“There is no blueprint on how to do it properly.” – Tunde Oyeneyin
There is so much to do. Now, today, tomorrow and every day for the rest of my life.
The following strikes me on my own journey in anti-racism work: I trip, I fall, I discover, I learn. The learning part is deeply uncomfortable. There are places where my anger flares up and where I feel VERY defensive. I learn to ask: “What is this really about? Where does it come from?” The discomfort often comes from my subconscious. Something threatens my unnamed or untested strength or my comfort and I don’t like it. My reaction is to refuse them, to defend myself and to stick to the status quo if I don’t see what I’m doing.
There is so much I don’t know. There is so much I cannot know. As a white woman, I can never really get to know the full experience of black women, black people and people with color.
I will listen deeply to the lived experiences that others tell me.
What I can do is listen and believe you. Brené Brown says: “To put yourself in a person’s experience, you have to be willing to believe him as you see it, not as you imagine his experience.”
So our first core value in my company is that we use the words “Through my experience.” It is not my job to reject, explain, or reduce someone else’s lived experience, be it in motherhood or in business or in femininity or in race or anything else.
There is no game book for this. We have to do it.
There is no game book on how to become an anti-racist society. There is no downloadable 10-step e-book plan for this. We’re not going to do it right. Let me rephrase that: I’m not going to do it “right”. I want to know which check boxes I can check to do this correctly. But there is only a guarantee that I will get it wrong and I will learn and I will go on. It’s not about being a perfect white ally. It is about becoming a society based on justice and justice and addressing our racist history and the very real racism and white supremacy that currently exist in our culture.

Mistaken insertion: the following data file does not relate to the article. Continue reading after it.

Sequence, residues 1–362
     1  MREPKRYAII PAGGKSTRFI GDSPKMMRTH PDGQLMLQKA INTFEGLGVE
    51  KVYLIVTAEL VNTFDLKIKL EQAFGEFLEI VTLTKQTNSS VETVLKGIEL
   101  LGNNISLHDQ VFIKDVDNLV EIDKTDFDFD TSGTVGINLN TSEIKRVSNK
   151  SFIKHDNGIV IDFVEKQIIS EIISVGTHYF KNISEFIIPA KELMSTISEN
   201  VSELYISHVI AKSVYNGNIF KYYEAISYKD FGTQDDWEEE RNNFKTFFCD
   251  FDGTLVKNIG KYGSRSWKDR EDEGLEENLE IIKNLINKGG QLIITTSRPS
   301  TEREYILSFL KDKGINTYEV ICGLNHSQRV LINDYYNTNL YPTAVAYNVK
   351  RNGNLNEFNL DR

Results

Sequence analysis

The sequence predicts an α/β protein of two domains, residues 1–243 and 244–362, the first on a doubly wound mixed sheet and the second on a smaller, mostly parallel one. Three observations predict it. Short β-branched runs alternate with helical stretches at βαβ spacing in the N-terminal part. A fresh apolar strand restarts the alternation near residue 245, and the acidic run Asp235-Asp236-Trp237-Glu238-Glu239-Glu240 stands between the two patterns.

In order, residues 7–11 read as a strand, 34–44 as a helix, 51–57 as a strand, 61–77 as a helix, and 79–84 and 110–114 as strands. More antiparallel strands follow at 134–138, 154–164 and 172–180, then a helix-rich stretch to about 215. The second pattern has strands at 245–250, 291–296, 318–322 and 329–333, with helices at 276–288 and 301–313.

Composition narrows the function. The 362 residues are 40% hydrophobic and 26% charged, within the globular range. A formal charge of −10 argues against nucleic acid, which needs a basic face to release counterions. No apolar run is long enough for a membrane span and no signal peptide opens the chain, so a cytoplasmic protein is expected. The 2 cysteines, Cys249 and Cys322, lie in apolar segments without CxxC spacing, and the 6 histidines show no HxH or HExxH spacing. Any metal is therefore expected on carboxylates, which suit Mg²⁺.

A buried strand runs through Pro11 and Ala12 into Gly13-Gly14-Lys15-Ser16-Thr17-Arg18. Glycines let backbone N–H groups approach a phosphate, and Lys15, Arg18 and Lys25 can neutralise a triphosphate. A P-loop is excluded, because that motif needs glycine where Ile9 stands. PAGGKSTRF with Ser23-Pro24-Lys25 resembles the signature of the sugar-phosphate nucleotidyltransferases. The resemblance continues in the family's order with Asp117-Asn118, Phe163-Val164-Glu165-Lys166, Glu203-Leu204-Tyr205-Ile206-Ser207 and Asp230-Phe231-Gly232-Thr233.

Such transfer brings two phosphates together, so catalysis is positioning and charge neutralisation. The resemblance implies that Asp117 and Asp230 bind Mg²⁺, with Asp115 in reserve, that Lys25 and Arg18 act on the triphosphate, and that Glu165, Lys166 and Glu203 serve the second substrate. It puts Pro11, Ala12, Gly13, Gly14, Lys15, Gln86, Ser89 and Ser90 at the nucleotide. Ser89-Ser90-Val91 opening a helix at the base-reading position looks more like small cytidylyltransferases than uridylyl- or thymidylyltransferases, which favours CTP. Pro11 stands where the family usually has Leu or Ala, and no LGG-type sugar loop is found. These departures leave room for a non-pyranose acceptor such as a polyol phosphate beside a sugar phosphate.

“It’s about becoming a society based on justice and justice and addressing our racist history and the very real racism and white supremacy that currently exist in our culture.”
Do not stop when it becomes difficult or uncomfortable.
Here are some memories and words that have helped me. (I think of these as “mantras”, which means “mental tool”, originally in Hinduism or Buddhism, but they can also be called phrases or memories). For me it is a sentence that you can repeat for yourself if you feel the feelings, deepen yourself and do the work.
I will do it wrong over and over again.
I will continue. I will keep doing it better.
There is no right way to end racism.
There is no game book for this.
We have never done this before and it will be difficult.
We have to keep going.
It’s okay to be angry.
It’s okay for me to feel uncomfortable.
People have the right to be angry.
I can handle it when other people are angry. It’s okay for you to be angry with me I can handle your anger
I can listen now. I don’t have to solve that. I can only listen.
My discomfort is not a priority at the moment. What happens if I sit with my discomfort instead of trying to leave it to someone else?
Go on. Keep going.
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